The expectation to check all the boxes can become overwhelming or inspiring, depending on the lens used to look at it. However, not everything is negative, and like with most things: There is always a positive side to the equation if there is a conscious awareness of the choice we decide to make. 



Maria C. Bruce is a former Argentine medical Doctor with a master's degree in mental health and wellness from the University of New York. She became a licensed Psychotherapist, Coach, and Consultant, exercising at a private practice in New York City.

She focused her training and practice on positive cognitive-behavioral therapy, solution-focused brief therapy, and biofeedback.


As a coach and consultant, she helps individuals, teams, and companies to optimize their performance, manage stress, problem-solve, boost productivity, improve communication skills, and enhance relationship interactions.

As a Doctor, Maria began her specialization in sports medicine in Buenos Aires with Argentine athletes. Then, with Italian Olympic athletes at the Comitato Olimpico Nazionale Italiano (CONI) in Rome.

Her experience working with Olympic and professional athletes, as being involved with the music, fashion, beauty, technology, and financial industries, has given her a unique perspective and understanding of the challenges and struggles faced by high-achieving and multitasking individuals.

Before pursuing her career in applied psychology, Maria worked as a label manager for Universal Music Group International and as an artist manager.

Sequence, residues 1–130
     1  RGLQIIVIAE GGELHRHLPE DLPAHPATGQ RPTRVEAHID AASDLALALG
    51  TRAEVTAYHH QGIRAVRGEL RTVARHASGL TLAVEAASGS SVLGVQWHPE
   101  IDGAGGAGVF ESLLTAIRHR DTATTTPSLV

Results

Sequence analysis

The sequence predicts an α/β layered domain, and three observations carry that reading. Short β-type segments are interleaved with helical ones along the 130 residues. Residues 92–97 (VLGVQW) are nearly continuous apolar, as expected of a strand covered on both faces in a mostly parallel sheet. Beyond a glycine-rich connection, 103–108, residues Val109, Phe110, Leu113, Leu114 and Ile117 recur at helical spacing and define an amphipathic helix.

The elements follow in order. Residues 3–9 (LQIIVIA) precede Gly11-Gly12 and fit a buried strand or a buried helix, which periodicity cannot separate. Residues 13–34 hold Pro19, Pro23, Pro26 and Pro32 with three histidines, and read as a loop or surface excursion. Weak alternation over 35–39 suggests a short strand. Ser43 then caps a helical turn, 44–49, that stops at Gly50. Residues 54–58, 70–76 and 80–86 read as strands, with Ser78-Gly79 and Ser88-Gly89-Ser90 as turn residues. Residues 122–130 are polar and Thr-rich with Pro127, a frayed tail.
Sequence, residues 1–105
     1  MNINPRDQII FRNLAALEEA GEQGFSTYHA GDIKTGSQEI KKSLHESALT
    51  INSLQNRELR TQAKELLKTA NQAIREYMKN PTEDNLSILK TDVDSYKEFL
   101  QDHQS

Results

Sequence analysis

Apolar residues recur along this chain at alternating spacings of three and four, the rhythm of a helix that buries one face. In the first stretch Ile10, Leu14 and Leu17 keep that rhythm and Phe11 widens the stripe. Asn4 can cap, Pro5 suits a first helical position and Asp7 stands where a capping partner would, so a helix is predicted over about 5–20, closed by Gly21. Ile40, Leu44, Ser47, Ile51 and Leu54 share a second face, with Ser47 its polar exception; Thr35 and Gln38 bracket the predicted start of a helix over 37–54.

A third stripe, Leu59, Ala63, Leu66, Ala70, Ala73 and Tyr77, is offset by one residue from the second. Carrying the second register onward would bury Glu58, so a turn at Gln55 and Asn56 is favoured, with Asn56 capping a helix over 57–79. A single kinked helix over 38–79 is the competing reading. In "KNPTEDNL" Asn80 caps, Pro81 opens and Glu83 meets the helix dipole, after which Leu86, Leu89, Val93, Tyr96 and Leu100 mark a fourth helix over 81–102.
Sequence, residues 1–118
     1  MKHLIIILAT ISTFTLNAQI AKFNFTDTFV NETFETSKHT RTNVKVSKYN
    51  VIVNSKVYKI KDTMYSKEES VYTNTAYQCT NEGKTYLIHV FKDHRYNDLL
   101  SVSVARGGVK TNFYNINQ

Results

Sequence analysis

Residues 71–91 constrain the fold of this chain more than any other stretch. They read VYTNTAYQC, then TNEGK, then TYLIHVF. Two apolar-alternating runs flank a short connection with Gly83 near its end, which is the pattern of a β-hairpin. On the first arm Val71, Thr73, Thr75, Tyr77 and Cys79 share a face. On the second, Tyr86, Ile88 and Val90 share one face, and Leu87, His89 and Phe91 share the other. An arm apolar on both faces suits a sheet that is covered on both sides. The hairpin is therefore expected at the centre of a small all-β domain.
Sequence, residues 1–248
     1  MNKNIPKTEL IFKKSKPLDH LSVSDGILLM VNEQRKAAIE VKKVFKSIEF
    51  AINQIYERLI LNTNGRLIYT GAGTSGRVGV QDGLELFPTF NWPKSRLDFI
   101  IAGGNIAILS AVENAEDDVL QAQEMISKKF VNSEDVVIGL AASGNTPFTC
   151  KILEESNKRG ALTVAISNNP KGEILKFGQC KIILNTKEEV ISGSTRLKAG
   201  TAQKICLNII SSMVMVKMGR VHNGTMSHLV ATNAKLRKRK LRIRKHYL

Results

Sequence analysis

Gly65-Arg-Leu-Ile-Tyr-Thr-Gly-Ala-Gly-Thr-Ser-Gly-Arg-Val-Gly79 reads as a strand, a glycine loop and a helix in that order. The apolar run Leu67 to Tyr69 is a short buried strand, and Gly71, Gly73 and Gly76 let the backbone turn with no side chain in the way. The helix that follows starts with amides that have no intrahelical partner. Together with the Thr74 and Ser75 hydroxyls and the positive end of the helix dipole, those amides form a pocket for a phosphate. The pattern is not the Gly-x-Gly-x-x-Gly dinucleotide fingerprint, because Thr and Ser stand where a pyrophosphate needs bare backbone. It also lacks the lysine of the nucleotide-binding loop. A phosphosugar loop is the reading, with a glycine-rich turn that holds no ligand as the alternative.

As a coach and consultant, she helps individuals, teams, and companies to optimize their performance, manage stress, problem-solve, boost productivity, improve communication skills, and enhance relationship interactions.

She is the founder of A thriving online community on different platforms with more than 35000 followers, fostering daily positivity and wellness.

This year, Dr. Maria Bruce has also developed an app called Optimalist, which reads Heart Rate Variability (HRV). HVR analysis shows the state of the autonomic nervous system (ANS). The heart is regulated by two branches of the ANS, the sympathetic and the parasympathetic nervous systems. When these two systems are balanced, the body works optimally.

The more balanced, the more variable the heart rate is. A decline in HRV indicates that the body has trouble adapting to external demands and situations, resulting in stress.

You can download the app on your phone to check your stress level: OPTIMALIST.

Follow or contact Dr. Maria Bruce at:

Dr. Bruce's LinkedIn profile / Dr. Bruce's Instagram.


This story was initially published at DLAREZMAG on November 2021.

Special thanks to Maria Bruce.